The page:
Intelligence may be narrowly defined as the capacity to acquire knowledge and understanding, and use it in different novel situations. It is this ability, or capacity, which enables the individual to deal with real situations and profit intellectually from sensory experience.
A test of intelligence is designed to formally study, under test conditions, the success of an individual in adapting to a specific situation.
There are a number of different methods which purport to measure intelligence, the most famous of which is the IQ, or intelligence quotient test. In the formation of such tests many psychologists treat intelligence as a general ability operating as a common factor in a wide variety of aptitudes.
Whilst many IQ tests measure a variety of different types of ability such as verbal, mathematical, spatial and reasoning skills, there is now a second school of thought in which it is believed that the earlier definitions of intelligence may be too simplistic.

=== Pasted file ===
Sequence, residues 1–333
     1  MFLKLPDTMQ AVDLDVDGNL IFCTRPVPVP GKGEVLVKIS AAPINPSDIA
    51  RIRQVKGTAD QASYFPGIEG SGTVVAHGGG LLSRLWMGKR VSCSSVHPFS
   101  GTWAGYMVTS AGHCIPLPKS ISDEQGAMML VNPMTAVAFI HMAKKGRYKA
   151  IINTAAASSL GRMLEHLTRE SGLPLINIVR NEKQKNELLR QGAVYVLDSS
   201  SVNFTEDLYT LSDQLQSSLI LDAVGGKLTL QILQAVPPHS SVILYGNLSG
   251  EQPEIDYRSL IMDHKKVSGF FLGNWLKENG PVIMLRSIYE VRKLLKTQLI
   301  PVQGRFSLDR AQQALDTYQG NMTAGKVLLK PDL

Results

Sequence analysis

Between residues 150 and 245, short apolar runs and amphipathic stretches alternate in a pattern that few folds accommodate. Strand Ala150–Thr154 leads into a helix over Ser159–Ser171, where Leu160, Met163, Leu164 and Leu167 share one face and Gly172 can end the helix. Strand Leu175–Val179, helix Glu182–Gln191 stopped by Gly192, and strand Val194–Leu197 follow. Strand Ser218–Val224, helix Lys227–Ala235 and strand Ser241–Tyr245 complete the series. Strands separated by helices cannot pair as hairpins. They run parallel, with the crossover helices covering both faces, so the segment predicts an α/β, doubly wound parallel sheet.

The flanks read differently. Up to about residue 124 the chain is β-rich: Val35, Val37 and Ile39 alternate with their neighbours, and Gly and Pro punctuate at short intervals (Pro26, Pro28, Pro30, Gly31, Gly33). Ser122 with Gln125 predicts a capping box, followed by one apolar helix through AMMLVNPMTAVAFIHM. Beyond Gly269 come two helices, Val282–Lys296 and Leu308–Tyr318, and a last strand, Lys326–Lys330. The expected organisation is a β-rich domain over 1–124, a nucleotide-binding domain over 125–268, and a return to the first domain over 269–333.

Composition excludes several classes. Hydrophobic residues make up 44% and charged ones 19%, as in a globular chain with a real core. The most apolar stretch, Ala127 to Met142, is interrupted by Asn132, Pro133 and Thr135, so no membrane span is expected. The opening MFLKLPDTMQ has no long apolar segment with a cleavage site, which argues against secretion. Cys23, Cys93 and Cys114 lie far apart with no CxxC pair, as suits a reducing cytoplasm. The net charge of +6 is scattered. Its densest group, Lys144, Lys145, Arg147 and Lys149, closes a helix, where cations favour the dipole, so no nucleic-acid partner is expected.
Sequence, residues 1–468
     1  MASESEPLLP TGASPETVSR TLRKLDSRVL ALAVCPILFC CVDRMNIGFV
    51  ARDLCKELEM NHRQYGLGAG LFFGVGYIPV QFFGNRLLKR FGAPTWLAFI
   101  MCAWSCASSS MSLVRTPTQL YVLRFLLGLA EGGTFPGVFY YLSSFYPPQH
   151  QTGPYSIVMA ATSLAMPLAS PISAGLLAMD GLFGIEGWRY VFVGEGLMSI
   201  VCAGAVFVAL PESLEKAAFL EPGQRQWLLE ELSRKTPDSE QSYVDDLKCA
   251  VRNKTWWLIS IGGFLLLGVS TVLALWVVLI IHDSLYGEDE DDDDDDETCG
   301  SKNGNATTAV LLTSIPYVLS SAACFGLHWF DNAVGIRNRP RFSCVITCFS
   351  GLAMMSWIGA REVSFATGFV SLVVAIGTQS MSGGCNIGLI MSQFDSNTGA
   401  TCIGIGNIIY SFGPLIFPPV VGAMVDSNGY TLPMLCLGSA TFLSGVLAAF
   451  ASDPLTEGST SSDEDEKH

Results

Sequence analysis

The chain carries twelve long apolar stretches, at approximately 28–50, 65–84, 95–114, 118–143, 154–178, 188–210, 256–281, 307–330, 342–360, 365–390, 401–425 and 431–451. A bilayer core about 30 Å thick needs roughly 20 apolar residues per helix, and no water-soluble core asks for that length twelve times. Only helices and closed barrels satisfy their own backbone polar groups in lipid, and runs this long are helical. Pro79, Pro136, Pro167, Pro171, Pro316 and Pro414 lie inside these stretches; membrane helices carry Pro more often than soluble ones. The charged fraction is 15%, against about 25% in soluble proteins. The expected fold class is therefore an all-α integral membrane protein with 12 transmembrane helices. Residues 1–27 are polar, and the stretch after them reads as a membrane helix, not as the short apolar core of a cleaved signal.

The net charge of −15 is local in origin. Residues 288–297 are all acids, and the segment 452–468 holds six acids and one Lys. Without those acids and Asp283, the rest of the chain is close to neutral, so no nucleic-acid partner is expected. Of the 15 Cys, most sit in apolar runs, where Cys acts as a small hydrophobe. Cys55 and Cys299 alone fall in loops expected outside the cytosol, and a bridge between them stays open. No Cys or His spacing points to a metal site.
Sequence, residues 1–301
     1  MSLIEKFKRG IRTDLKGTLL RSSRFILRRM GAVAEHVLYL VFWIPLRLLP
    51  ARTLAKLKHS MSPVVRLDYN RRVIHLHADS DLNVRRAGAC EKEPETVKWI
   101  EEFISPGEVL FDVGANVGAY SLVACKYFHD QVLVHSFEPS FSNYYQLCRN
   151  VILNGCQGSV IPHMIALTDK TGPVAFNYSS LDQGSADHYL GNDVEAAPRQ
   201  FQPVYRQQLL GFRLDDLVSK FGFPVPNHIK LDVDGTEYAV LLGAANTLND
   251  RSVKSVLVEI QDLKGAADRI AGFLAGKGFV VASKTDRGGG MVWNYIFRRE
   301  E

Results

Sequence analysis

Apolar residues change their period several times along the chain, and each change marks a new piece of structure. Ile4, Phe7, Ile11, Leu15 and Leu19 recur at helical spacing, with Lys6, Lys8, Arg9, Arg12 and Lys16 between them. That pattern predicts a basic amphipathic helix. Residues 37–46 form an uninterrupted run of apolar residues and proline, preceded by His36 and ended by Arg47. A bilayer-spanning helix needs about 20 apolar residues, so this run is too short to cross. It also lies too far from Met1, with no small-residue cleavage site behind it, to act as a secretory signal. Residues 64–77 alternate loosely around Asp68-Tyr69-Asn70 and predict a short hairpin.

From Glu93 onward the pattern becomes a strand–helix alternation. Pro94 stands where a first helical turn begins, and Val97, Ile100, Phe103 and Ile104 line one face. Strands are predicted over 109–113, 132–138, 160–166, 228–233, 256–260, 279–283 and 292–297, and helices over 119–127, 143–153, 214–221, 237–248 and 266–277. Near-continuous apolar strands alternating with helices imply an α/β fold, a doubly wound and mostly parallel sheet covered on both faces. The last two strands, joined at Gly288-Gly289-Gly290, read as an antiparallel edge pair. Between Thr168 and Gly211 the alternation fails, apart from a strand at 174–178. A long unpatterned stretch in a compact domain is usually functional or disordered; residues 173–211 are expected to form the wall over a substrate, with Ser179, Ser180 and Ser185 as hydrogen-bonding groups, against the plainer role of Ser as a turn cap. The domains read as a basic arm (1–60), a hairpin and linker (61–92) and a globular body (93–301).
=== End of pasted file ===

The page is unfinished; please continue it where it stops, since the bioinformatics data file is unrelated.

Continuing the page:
It is now becoming increasingly recognised that there are many different types of intelligence and that a high measured IQ, although desirable, is not the only key to success in life. Other characteristics, such as outstanding artistic, creative or practical prowess, especially if combined with personal characteristics such as ambition, good temperament and compassion, could result in an outstanding level of success despite a low measured IQ. It is because of this that in recent years CQ (creative quotient) and EQ (emotional quotient), to name just two examples, have come to be regarded as equally important as, or even more important than, IQ measurement.